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Arthur's Classic Novels, his Love of Mankind and the Internet
September 16, 2010 12:16 PM   Subscribe

Arthur's Classic Novels has 4000 free ebooks, no registration, nicely organized by author and topics: great old Science Fiction magazines l plentiful online education with 650 books for doctors l a vast collection of famous novels l short stories l by women l Buddhist Scriptures, including The Buddhist Bible, a fave of Jack Kerouac l magazines online l stories by Robert Sheckley l The Autobiography of Charles Darwin l huge collection of fairy tales l philosophy l P. G. Wodehouse l vintage technology l Oscar Wilde l Mark Twain l Rudyard Kipling l George MacDonald l the Koran l a collection of eText resource links. About Arthur Wendover. posted by nickyskye (33 comments total) 154 users marked this as a favorite

 
Fantastic! Thank you.
posted by Ahab at 12:37 PM on September 16, 2010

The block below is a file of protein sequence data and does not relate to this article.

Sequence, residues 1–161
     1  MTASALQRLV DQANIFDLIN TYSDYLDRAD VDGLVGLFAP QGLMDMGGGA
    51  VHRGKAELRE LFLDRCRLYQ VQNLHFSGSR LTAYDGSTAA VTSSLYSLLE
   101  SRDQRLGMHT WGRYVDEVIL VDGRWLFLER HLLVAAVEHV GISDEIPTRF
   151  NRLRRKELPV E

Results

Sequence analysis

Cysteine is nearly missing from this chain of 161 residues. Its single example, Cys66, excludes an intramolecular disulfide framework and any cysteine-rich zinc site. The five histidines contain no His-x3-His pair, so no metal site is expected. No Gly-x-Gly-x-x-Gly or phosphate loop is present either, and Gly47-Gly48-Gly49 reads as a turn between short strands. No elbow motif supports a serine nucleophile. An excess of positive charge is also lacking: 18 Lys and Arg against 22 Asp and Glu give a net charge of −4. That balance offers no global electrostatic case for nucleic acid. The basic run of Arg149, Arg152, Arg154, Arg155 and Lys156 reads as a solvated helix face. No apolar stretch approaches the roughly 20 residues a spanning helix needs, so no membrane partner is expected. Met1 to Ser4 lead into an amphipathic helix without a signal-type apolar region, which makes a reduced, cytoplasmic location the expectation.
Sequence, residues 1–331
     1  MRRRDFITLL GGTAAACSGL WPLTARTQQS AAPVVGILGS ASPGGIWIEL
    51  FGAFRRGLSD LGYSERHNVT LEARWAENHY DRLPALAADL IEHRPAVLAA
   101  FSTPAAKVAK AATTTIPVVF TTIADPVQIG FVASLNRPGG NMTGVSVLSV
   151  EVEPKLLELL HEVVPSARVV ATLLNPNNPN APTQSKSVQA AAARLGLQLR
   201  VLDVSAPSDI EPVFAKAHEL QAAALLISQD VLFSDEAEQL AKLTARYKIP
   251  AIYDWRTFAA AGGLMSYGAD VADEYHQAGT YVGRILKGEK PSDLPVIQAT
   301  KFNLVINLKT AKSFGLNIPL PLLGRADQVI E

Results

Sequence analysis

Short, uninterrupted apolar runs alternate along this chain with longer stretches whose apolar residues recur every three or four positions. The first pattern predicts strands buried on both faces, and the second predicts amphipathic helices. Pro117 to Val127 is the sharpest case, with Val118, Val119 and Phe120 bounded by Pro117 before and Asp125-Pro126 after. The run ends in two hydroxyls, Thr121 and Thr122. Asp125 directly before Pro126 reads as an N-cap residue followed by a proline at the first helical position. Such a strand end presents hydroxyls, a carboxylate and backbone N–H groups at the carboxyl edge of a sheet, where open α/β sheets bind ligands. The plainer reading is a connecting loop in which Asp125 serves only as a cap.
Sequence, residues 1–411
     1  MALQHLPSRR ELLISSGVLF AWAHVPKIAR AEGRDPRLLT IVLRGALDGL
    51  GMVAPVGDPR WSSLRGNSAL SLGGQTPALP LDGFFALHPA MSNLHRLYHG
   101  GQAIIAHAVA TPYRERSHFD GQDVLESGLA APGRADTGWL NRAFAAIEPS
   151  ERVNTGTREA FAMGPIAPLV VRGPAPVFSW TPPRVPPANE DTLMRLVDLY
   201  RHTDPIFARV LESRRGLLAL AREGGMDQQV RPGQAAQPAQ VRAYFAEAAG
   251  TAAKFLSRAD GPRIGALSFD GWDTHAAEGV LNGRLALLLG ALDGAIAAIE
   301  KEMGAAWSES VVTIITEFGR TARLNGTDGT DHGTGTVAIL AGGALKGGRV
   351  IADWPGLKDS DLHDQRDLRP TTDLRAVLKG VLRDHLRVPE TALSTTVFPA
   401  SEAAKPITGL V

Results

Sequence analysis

I could bookmark and not read each of those, but somehow it doesn't have the gravitas of collecting and not reading a wall of books.
posted by StickyCarpet at 12:38 PM on September 16, 2010 [3 favorites]


I just got a Kindle yesterday, this is perfect thanks.
posted by doctor_negative at 12:39 PM on September 16, 2010


Lots of Lovecraft there. The Old Ones thank you for spreading the word!
posted by Kafkaesque at 12:40 PM on September 16, 2010 [1 favorite]


This is so cool! Does anybody know how I can get these on my free Kindle App on my Droid?
posted by glaucon at 12:41 PM on September 16, 2010


Yeah, how is this legal, exactly?
posted by Amanojaku at 12:46 PM on September 16, 2010


Arthur Machen in the Weird&Horror link. Hell yes.